Spec. Vest was mortally wounded in combat during the Vietnam War. However, he remained in a coma for seven years before he passed away in a nursing home in Ft. Thomas, Ky.Sgt. Henry L. Aderholt, U.S. Army
May 20, 1947 – Dec. 12, 1972
Date of Casualty: Feb. 14, 1970
Wall Location: Panel 12W, Line 83
Sgt. Aderholt was a door gunner who was wounded in action on Feb. 14, 1970 and died of those wounds on Dec. 12, 1972.ETR2 Richard Lewis Daniels, U.S. Navy
Sept. 6, 1947 – March 1, 1971
Date of Casualty: March 1, 1971
Wall Location: Panel 4W, Line 108
ETR2 Daniels died as a result of gunshot wounds at Dong Tam, South Vietnam, while on board an APL-30 Navy barracks barge.BT3 Peter Otto Holcomb, U.S. Navy
Jan. 26, 1946 – March 13, 1966
Date of Casualty: March 13, 1966
Wall Location: Panel 15E, Line 60
BT3 Holcomb died as a result of an accident aboard the U.S.S. Mahan.Status Changes
Beside each name on the Memorial is a symbol designating status. The diamond symbol denotes confirmed death. The cross represents missing in action. When a service member’s remains are returned or accounted for, the diamond is superimposed over the cross. In addition to the five names being added this year, eight designation changes will be made as well. They include:
• Sgt. 1st Class Douglas Edward Dahill of Lima, Ohio, Panel 27W, Line 99
• Army CW3 George Andrews Howes of Knox, Ind., Panel 14W, Line 23
• Army Master Sgt. Charles Vernon Newton of Canadian, Texas, Panel 27W, Line 102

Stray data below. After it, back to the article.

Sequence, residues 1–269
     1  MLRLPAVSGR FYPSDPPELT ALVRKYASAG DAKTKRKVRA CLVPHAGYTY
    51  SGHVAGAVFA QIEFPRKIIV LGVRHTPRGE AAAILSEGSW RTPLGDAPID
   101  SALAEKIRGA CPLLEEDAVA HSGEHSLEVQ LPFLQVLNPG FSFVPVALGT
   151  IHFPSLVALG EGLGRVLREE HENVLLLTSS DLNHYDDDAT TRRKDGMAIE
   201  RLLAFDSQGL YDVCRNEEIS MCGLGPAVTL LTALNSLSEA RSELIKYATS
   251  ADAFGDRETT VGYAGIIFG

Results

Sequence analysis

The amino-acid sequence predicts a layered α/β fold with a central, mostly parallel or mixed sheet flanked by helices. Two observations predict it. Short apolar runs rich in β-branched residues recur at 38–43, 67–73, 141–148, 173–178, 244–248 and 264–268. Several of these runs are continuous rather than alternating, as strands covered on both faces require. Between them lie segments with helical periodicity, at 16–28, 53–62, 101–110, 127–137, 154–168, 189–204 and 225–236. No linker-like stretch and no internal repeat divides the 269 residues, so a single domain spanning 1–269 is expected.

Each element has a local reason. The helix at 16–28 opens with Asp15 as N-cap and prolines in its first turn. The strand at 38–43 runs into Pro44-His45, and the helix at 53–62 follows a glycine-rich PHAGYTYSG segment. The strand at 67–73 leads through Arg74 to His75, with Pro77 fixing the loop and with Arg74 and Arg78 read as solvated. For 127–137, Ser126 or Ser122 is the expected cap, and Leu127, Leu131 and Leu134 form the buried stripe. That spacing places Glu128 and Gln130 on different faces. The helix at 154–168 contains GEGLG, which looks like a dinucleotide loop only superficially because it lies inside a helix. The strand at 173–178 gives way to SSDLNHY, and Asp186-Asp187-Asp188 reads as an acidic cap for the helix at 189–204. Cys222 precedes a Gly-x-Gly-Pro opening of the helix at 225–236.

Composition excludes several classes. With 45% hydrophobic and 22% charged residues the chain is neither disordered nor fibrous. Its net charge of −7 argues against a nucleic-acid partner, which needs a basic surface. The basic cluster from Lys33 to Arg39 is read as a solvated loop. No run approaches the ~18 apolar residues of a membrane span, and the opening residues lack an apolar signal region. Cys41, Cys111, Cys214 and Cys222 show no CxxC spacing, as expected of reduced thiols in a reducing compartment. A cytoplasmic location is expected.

• Marine Corps Sgt. Samuel Eugene Hewitt of Walkerton, Ind., Panel 6E, Line 41
• Air Force Maj. Thomas John Beyer of Fargo, N.D., Panel 50W, Line 34
• Air Force Col. James Eugene Dennany of Mattawan, Mich., Panel 16W, Line 63
• Air Force Maj. Richard Gene Elzinga of Shedd, Ore., Panel 12W, Line 45
• Air Force Maj. Robert Leon Tucci of Detroit, Mich., Panel 16W, Line 68Adding Names
These changes will bring the total number of names on the Vietnam Veterans Memorial to 58,272 men and women who were killed or remain missing in action.
The five new names will become “official” when they are read aloud during the annual Memorial Day Ceremony at The Wall taking place on Monday, May 30, at 1:00 p.m.
The Department of Defense sets the criteria for and makes decisions about whose names are eligible for inscription on The Wall. The Vietnam Veterans Memorial Fund pays for the name additions and status changes, and works with the National Park Service to ensure long-term preservation and maintenance of The Wall.
Photos of the five men whose names are being added this weekend, as well as stories about their lives, are being collected from their loved ones to be used in the Education Center at The Wall, which is being built in Washington, D.C. near the Lincoln and Vietnam Veterans Memorials. The Education Center will be a living, interactive learning facility that will teach the values, tell the stories and show the faces of those who served. It will also showcase the remembrances left in tribute at The Wall and celebrate the rich legacy of service in this country. For information about this latest VVMF initiative, visit www.buildthecenter.org
Dedicated on Nov. 13, 1982, the Vietnam Veterans Memorial was built to honor all who served with the U.S. armed forces during the Vietnam War. It has become known as an international symbol of healing and is the most-visited memorial on the National Mall.